Much has been written in recent years about South Africa’s broken public education system and dismal educational outcomes which perpetuate the cycle of unemployment, poverty, and inequality.


Children who attend schools in more affluent communities – including both private and former Model C schools – typically receive a far superior education to those living in lower socio-economic areas where the majority of schools are characterised by overcrowded classrooms, poorly maintained infrastructure, high rates of teacher absenteeism and educators without the required pedagogical knowledge.


Learners from more affluent areas typically start Grade 1 having had access to high-quality early childhood development and have attended nursery school, books, and puzzles to stimulate them mentally, and regular nutritious meals. Their parents are able to provide homework support and later on, use their networks to help their children find employment.


The majority of children living in townships, on the other hand, start Grade 1 on the back foot, having had no access to any form of early childhood development, let alone books and puzzles. Food scarcity is not uncommon. When they start school, many parents are not able to provide assistance with homework either because they work long hours or because they themselves receive only a limited education. Nor will they have advantageous social networks to help their children find good jobs as they reach adulthood, perpetuating the cycle of poverty and inequality.


South Africa has the highest income inequality globally with a Gini coefficient of around 0.67 and high rates of unemployment. According to Stats SA’s quarterly labour force survey for the fourth quarter of 2023, the unemployment rate increased to 32.1%, up from 31.9% in the third quarter. The youth, classified as those aged between 15 and 34, are the most vulnerable in this respect with youth unemployment sitting at 44.3% in the fourth quarter of 2023. These unemployment figures are even higher when taking into account those who have essentially given up looking for work.


Part of the problem is a lack of employment opportunities in an economy that is not growing. The other, and arguably the bigger part of the problem, is a public education system that is no longer fit for purpose and that fails the most vulnerable of our citizens, our nation’s children, from the outset.


Addressing South Africa’s multiple crises of unemployment, poverty, high levels of crime and growing inequality starts with ensuring every child is able to access early childhood care and education. Education that nurtures, protects, guides, and stimulates and that allows them to form positive neural networks in order to live up to their full potential.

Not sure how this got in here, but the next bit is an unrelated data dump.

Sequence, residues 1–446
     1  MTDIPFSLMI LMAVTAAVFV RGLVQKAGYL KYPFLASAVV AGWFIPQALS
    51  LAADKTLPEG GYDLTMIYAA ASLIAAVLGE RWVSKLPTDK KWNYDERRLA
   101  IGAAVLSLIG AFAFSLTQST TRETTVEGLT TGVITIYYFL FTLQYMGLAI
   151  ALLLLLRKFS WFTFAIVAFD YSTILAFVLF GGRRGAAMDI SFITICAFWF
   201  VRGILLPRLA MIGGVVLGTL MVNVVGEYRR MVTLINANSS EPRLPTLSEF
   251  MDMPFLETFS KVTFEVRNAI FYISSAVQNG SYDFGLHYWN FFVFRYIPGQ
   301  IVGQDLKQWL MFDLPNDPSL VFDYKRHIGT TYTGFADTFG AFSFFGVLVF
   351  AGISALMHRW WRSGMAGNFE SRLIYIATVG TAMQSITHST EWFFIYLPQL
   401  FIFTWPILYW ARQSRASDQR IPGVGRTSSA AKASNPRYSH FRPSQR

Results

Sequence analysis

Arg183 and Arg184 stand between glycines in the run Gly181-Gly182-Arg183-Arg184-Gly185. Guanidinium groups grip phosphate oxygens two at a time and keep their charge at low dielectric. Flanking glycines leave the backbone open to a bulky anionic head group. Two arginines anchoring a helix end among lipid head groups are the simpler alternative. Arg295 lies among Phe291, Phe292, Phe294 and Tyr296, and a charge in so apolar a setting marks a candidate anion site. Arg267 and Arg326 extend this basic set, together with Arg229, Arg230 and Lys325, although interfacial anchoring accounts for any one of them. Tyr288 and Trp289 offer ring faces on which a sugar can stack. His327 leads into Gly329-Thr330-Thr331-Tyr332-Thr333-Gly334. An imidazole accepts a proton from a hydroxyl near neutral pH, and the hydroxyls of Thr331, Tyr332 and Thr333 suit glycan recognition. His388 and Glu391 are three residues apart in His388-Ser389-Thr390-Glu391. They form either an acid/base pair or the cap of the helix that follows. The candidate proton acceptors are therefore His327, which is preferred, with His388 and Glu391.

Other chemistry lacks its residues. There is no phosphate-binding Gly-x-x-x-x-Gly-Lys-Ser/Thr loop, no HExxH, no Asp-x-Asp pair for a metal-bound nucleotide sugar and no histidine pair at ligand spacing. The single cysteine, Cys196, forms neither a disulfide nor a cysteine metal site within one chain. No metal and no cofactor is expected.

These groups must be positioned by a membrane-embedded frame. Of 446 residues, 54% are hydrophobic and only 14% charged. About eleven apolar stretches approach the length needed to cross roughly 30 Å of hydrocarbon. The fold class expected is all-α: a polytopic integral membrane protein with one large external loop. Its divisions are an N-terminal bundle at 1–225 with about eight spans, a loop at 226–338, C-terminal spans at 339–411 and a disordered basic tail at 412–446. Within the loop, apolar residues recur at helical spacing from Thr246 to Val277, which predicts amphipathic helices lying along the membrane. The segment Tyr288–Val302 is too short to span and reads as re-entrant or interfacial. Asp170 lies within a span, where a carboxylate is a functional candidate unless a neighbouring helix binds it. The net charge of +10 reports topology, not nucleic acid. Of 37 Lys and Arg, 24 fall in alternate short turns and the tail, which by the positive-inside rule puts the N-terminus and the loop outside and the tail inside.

It also means ensuring that children receive the necessary emotional and psychosocial support and that parents and caregivers in low-income communities are supported to provide this. Early childhood education that does not take a holistic view of the child will always be limited in its ability to fulfil its mandate.


At the same time, teachers and caregivers need to be provided with ongoing training and development so that they are well-equipped to support young minds and, given the high levels of crime and violence in many South African townships, that they are able to identify trauma in the children in their care and provide them with the necessary empathetic support. It’s critical that teachers and learners are able to access the appropriate network of holistic care modalities alongside their learning.


Sadly, this is a tall order given the state’s fiscal constraints which have resulted in persistent cuts to basic education budgets. While the 2024/25 national budget for basic education saw a small increase to R324.5bn, once inflation has been factored in, the increase does little to alleviate the funding crisis the basic education sector finds itself in.

The draft Basic Education Law Amendment (BELA) Bill proposes making Grade R compulsory. While the idea is a good one in theory, in reality, most public schools have neither the budget nor the physical space to accommodate an extra compulsory grade given the cuts to the basic education budget in recent years.


The 2024 national budget cuts school infrastructure spending as well as the budget for school infrastructure maintenance over the next three years. The Wits Public Economy Project says real government spending per learner has fallen in recent years from less than R24,000 in 2020 to R21,635 by 2025.


This is confirmed by Equal Education and the Equal Education Law Centre. In a joint statement issued in response to the 2024 National Budget announcement, the two organisations said, “Even though education continues to be one of the biggest national spending items, basic education has been gradually falling off government’s priorities for a while now.”


It says the budget is insufficient “to provide quality education delivery, let alone address the many crises in the sector because of high inflation and higher learner enrolment” and that “the foundation of the school system is shaky, affecting the rest of a learner’s schooling career.”

Source BIZCommunity:

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